January 12, 2009

USS Green Bay crew gets it into shipshape

Final paint job, training among tasks aboard vessel

By Tony Walter

SAN DIEGO — Todd Kamins knows enough about pro football and the U.S. Navy to know a good match when he sees one.

"Green Bay is a good name for this ship," said Kamins, a Virginia-native who was the command duty officer on the USS Green Bay on Saturday.

"It's like the NFC North, blue-collar."

The USS Green Bay, which will be commissioned Jan. 24 in Long Beach, Calif., is the Navy's fourth such Landing Platform Dock (LPD) whose purpose is to transport Marines for amphibious or air deployment.

It's not the most romantic of roles, agreed Lt. Cmdr. Randy Zamora, the ship's executive officer.

But that hasn't detracted from the atmosphere of anticipation that is present on the USS Green Bay during its pre-commissioning days.

"It's got a new car smell and we're kicking the tires," Zamora said.

"But it's exciting because we're starting from scratch. So there's also an atmosphere of excitement."

The ship's crew is busy getting ready for its debut in Long Beach.

The entire ship — 684 feet long — is getting its final paint job. Crew members, 70 percent of whom have never been to sea, are in training throughout the massive vessel.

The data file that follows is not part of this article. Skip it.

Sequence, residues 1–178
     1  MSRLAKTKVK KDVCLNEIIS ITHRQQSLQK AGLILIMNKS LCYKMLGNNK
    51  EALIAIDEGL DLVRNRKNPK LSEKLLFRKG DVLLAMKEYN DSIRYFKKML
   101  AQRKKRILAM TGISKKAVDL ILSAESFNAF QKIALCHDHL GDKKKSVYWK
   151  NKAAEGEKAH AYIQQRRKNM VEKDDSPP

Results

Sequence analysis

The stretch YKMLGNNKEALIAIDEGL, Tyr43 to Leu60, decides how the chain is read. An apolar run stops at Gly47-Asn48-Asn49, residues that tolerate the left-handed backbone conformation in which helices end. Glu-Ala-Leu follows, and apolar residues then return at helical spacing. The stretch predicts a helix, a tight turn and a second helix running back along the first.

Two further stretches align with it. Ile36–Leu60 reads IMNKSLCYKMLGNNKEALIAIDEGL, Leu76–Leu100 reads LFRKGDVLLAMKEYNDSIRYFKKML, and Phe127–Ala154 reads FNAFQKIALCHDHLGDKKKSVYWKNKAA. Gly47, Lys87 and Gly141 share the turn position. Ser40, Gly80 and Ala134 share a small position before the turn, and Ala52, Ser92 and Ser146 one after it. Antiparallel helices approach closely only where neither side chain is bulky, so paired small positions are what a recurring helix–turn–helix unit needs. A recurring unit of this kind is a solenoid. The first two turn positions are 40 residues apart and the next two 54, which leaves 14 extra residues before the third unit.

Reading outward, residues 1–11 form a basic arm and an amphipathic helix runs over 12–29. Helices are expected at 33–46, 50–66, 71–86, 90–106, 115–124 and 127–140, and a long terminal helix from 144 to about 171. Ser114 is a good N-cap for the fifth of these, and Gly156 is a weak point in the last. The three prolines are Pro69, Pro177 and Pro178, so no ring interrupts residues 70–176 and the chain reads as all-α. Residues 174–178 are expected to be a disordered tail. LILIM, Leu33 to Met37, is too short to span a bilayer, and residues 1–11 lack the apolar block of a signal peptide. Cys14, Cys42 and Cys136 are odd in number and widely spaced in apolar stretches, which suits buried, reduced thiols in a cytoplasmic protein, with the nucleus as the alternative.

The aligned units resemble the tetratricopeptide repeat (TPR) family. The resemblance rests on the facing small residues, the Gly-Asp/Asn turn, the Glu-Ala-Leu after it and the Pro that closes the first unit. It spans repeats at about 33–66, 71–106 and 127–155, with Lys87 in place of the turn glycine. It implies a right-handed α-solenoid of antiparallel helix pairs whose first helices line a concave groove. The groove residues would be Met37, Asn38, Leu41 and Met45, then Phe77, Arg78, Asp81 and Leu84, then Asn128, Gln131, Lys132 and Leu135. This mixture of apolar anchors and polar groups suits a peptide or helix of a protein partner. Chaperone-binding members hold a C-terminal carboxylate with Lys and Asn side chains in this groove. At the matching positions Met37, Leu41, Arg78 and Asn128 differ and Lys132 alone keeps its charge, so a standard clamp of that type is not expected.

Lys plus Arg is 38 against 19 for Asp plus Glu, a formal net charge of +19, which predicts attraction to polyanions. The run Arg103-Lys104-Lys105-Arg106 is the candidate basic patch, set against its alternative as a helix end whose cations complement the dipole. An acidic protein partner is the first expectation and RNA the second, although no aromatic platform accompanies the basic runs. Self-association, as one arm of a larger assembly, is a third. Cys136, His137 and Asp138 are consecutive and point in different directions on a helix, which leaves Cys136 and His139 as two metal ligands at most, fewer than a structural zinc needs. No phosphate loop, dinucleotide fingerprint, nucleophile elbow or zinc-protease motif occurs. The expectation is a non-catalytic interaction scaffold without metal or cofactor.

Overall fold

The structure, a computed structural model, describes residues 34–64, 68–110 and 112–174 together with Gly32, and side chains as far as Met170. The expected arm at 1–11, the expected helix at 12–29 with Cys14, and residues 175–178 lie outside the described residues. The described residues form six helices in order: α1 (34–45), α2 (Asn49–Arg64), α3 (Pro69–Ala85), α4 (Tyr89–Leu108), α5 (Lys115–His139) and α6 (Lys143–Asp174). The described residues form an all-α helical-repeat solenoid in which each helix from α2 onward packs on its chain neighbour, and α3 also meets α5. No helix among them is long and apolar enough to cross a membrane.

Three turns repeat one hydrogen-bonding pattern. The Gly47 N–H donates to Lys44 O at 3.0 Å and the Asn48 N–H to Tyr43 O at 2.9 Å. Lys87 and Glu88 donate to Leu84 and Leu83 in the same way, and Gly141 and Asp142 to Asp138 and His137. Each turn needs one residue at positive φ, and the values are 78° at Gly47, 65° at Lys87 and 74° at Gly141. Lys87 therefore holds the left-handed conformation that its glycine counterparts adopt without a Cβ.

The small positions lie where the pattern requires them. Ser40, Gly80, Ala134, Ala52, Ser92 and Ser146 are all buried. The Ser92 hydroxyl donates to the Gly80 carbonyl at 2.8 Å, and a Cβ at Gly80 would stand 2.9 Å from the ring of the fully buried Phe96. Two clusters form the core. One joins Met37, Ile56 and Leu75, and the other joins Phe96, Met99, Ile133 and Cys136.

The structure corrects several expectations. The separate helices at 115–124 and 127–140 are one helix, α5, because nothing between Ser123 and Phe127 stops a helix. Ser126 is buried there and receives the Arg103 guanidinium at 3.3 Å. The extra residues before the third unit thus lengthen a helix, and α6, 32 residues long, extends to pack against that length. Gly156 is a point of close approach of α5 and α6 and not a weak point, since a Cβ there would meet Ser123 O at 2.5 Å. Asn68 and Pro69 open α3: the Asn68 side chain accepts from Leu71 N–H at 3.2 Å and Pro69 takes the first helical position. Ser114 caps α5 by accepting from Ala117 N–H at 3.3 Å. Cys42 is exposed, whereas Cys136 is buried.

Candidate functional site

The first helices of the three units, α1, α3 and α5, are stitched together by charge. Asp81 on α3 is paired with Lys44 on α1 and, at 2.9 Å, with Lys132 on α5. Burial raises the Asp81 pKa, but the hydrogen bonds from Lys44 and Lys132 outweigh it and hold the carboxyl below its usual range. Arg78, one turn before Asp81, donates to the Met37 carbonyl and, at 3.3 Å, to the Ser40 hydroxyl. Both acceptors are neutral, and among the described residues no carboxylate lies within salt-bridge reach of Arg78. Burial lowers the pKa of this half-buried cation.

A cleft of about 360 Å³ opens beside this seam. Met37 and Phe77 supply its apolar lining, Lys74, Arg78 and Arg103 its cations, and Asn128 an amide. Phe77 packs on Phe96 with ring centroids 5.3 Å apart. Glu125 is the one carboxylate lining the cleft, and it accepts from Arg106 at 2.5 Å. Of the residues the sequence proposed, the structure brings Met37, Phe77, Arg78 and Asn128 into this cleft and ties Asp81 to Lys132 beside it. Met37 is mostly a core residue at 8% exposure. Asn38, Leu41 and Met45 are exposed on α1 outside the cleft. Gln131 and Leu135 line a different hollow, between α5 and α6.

"It's state-of-the-art," said Ensign Robert Stevens, who pointed out the USS Cleveland nearby, a 41-year-old LPD that was about half the size of the USS Green Bay.

References to Green Bay are already evident on the ship, although the truckload of mementoes that were brought here by Schneider National weren't scheduled to be loaded on the ship until today.

Most of the Green Bay evidence includes Packers logos and pictures, including a lifesize picture of Brett Favre on a door to the supply room.

The fact that Cmdr. Joseph Olson, the ship's captain, is a native of Madison has played a major role in the ship's crew embracing its Green Bay connection.

The USS Green Bay is so large that it had to remove its side railings in order to fit through the Panama Canal on its journey from New Orleans, where it was built, to its home base here.

Following the commissioning, the USS Green Bay will return here and continue to train before it makes its initial deployment in September 2010, most likely to the Arabian Sea, Zamora said.

"It takes time to train a crew that's new," said Kamins, a 17-year Navy veteran. "You have a lot to do to be battle efficient.

"It's like football. You practice to make it perfect."